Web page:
FIG. 3 shows two non overlapping subrectangles, ‘A’ 302 and B ‘304’ and their corresponding logical trees (shown by the arrows within each subrectangle). Each logical tree is constructed by routing packets in the same dimension order, first in the X dimension and then in the Y dimension. Also, each logical tree is constructed using the same predefined coordinate located at point 308 for each dimension. The predefined coordinates are the coordinates of the node located at point 308 and are the same coordinates as point 202. In this example, the pre-determined coordinate for the X dimension located at point 308 is not contained within subrectangle A 302. Data packets are routed in the X dimension towards the pre-determined coordinate 308 in the X dimension and then change direction from the X dimension to the Y dimension at the ‘edge’ 306 of the subrectangle A 302 and then routes towards root node 309, which is the root node 309 of subrectangle A 302. The Y coordinate of the root node is the pre-determined coordinate 308 of the Y dimension. For subrectangle B 304, the predefined coordinates for both the X and Y dimensions are contained within subrectangle B 304, so the data packets change dimension (or reach the root node) at the predefined coordinates, just as in the logical tree consisting of the full plane shown in FIG. 2. In one embodiment, all logical trees for all subrectangles use the same dimension order for routing packets and for each dimension all rectangles use the same predefined coordinate in that dimension. Packets route along the first dimension until reaching either the predefined coordinate for that dimension or reaching the edge of the subrectangle of that dimension. The packets then change dimension and route along the new dimension until reaching either the predefined coordinate for that new dimension or reaching the edge of the subrectangle of that new dimension. When this rule has been applied to all dimensions, the packets have reached the root of the logical tree for that subrectangle. Furthermore, if no hops are required in a dimension, that dimension may be skipped and the next dimension selected. For example, in a three-dimensional X, Y, Z cube, a subrectangle may involve only the X and Z dimensions (the Y coordinate is fixed for that sub-rectangle). If the dimension order rule for all sub-rectangles is X, then Y, then Z, then for this subrectangle the packets route X first then Z, i.e., the Y dimension is skipped.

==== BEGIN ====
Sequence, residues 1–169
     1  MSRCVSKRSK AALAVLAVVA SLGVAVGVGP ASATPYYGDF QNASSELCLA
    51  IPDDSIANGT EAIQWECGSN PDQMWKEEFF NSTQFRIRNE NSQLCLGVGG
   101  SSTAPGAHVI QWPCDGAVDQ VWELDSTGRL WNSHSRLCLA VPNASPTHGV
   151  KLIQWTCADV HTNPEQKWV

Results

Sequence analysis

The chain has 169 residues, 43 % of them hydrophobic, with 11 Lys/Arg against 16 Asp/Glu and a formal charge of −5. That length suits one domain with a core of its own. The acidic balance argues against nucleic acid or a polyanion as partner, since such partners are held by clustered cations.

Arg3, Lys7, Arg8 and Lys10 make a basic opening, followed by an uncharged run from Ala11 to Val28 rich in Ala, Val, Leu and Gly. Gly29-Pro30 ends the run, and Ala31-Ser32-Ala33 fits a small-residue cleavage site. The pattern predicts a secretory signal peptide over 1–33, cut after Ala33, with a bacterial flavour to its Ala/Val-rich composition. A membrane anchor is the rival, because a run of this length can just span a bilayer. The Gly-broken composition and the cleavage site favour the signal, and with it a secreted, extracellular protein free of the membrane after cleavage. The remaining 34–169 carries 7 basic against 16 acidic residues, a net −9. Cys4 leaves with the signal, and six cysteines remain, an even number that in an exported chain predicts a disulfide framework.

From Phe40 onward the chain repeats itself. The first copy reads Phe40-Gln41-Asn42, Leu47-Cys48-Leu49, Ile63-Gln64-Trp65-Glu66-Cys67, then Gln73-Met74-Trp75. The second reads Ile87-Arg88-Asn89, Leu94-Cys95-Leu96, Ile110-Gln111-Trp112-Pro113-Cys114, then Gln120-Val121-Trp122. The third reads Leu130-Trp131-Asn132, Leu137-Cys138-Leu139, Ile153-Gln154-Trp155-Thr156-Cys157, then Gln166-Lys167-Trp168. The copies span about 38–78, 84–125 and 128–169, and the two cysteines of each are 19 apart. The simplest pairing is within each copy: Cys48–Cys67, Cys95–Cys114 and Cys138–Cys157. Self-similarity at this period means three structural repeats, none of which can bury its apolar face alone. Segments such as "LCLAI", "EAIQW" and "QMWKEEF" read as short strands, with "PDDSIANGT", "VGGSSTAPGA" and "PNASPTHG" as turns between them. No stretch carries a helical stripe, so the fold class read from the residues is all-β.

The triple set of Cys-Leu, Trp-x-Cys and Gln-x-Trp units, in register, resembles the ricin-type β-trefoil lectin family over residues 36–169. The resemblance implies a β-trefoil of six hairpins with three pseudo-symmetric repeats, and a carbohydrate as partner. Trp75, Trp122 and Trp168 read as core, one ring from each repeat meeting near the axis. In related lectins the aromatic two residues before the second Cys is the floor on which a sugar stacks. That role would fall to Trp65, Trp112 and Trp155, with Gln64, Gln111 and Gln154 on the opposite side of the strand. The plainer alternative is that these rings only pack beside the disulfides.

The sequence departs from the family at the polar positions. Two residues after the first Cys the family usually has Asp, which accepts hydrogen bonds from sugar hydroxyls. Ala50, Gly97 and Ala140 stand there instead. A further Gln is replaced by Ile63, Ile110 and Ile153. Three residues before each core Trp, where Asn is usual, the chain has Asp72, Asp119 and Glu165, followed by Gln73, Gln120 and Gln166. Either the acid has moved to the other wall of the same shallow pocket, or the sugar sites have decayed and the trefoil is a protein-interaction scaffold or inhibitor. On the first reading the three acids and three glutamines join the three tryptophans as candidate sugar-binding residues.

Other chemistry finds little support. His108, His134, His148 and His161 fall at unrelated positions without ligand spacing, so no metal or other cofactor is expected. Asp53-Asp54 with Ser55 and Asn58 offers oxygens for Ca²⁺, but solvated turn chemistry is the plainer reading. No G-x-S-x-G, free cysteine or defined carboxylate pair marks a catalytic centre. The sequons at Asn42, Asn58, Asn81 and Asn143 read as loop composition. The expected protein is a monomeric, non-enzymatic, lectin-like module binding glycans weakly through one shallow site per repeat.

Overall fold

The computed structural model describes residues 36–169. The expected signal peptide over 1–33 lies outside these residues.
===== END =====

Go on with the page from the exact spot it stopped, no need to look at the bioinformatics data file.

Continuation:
While FIGS. 2 and 3 show sub-rectangles that fill the entire plane, one skilled in the art can recognize that this need not be the case in general, i.e., the sub-rectangles may be arbitrary sub-rectangles of any dimension, up to the dimensionality of the entire network. Furthermore, FIG. 3 shows non-overlapping sub-rectangles A and B that meet at ‘edge’ 302. Although, in other embodiments the subrectangles may overlap in an arbitrary manner. If the multidimensional network is a torus, the torus may be cut into a mesh and the sub-rectangles are contiguous on the mesh (i.e., if the nodes of the torus in a dimension are numbered 0, 1, 2, . . . N then the links from node 0 to N and N to 0 are not used in the construction of the subrectangles.)